About Bankruptcy

Bankruptcy protections are your right as an Oregon consumer. The bankruptcy process cannot be denied to you, although which type of bankruptcy you are qualified to file, and when, depends on several things. Whether or not bankruptcy is the right option for you is a question that John Wittrock can help you decide.

When you file for bankruptcy, the court immediately stops creditors from pursuing attempts to collect on the debt. You experience immediate relief from garnishment, foreclosure proceedings, and harassment.

Under bankruptcy, a court will discharge (wipe away) your debt. In a Chapter 7 this can be done without payments to the court beyond the filing fee. Sometimes it is in your interest to file a Chapter 13 which requires payments to the Chapter 13 Trustee for 3 to 5 years, but may give you benefits not available in a chapter 7. Bankruptcy is, at the core, a debt relief process.

I can help consumers or small businesses with either of these two types of bankruptcy. I will help you understand the differences so you can determine if one of these is the best solution for your situation.

With a Chapter 7 bankruptcy, certain property you own is considered exempt, and you will be able to keep it. Property beyond the amounts Oregon law allow you to keep are not exempt and can be liquidated (sold), by the trustee to pay your creditors. If you want or need to keep this property there are things that can be done. At the end of the process, the remaining debt is discharged.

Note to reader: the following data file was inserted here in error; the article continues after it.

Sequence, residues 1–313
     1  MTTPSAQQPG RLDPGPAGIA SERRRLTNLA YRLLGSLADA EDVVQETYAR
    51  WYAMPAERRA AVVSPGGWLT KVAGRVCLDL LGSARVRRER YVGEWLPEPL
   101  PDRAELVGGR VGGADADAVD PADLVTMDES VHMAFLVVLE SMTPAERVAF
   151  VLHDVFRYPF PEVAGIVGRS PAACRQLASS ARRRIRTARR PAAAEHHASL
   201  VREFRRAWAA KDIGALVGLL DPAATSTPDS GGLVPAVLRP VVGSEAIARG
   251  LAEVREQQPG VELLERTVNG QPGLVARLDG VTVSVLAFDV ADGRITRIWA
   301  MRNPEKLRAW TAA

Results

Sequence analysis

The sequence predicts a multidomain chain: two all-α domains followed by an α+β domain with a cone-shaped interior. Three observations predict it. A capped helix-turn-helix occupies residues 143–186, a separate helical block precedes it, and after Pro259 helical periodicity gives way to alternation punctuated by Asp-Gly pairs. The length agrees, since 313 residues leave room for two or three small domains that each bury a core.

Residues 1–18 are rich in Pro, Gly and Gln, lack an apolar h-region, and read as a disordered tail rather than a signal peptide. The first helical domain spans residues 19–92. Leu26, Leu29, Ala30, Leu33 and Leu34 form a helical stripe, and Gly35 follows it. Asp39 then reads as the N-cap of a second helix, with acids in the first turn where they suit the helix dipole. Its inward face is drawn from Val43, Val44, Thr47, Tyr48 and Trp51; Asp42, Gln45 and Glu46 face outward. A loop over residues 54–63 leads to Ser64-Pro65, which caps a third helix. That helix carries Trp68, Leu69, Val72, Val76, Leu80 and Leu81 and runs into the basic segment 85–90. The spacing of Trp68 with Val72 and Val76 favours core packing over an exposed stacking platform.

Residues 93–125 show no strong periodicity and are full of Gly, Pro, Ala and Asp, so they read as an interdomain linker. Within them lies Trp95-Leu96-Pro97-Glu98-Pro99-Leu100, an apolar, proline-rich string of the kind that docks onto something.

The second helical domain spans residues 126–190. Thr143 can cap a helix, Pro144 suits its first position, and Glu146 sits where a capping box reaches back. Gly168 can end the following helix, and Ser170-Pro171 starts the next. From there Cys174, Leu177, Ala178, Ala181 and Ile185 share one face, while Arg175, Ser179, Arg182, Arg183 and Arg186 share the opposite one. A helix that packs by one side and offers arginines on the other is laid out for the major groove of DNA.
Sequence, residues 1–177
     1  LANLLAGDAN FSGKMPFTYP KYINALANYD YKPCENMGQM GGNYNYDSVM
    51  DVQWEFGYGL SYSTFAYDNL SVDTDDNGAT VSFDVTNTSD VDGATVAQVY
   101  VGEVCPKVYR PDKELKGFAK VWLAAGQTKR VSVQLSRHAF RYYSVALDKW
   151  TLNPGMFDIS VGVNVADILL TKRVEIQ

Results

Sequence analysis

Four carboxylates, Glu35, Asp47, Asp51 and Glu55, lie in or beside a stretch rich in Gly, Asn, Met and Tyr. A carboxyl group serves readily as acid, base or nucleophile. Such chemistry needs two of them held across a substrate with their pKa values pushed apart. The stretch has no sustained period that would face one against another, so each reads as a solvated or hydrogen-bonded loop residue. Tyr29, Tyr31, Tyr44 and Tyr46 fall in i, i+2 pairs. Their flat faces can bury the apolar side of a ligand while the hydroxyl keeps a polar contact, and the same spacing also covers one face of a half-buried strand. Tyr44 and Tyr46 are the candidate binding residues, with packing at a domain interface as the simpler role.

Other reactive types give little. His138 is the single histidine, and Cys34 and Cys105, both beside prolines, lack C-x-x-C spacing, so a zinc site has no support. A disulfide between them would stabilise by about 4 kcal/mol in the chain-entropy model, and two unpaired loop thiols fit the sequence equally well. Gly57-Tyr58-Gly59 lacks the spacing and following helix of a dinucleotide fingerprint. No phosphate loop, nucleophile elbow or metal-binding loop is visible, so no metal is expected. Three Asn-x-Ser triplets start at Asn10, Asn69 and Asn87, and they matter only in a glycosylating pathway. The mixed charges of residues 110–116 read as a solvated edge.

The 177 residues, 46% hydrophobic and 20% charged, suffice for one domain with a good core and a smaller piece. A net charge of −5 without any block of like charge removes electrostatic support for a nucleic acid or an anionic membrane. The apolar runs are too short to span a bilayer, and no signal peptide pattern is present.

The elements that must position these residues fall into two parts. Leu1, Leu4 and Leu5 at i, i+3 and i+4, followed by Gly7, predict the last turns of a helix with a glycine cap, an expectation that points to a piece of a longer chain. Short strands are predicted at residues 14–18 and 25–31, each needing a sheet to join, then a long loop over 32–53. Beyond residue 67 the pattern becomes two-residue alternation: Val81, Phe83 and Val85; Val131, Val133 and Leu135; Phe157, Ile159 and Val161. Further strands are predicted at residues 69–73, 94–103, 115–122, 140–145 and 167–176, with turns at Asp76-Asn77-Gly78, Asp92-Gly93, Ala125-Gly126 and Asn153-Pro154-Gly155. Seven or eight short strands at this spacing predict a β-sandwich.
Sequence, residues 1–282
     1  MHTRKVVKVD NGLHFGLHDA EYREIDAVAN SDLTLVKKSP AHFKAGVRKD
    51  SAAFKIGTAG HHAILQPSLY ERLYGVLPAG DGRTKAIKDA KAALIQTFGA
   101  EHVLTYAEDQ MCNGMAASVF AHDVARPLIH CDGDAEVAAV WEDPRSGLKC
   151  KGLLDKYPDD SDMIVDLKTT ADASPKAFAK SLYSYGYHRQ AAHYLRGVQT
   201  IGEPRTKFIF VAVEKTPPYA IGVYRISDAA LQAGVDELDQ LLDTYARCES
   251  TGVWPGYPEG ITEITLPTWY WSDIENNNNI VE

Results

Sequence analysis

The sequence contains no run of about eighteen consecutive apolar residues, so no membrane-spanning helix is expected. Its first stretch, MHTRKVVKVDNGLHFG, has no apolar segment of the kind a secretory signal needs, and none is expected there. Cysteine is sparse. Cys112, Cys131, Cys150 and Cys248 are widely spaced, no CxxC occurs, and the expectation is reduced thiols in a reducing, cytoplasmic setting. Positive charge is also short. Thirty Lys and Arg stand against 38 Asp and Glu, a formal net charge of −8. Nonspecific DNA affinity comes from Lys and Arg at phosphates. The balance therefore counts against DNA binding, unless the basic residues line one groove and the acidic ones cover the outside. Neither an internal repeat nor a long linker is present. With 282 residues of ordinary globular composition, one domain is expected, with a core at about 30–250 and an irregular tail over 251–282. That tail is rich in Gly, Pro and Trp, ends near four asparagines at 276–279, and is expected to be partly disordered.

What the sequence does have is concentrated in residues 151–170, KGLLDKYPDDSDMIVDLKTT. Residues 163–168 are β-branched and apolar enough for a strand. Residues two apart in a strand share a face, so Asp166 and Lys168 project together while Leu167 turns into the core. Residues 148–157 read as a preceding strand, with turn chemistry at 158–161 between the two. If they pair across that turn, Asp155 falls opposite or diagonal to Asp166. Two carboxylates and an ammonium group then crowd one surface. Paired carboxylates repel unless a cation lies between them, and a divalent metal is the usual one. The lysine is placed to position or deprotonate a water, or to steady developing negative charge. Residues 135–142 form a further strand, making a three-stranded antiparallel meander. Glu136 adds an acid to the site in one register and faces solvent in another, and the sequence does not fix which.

If you file a Chapter 13 bankruptcy, you can keep your property, and for three to five years make monthly payments toward your debt. This type of bankruptcy is usually for people who have resources and income, but whose debt is more than their ability to pay.

Note that some debts cannot be discharged, such as child and spousal support. Student loans are very difficult to discharge and taxes may or may not be discharged depending on different factors. Credit card, medical bills and other unsecured debt is generally eligible for bankruptcy. It is most helpful for you to meet with an attorney who can discuss your options and the best ways to handle your specific situation.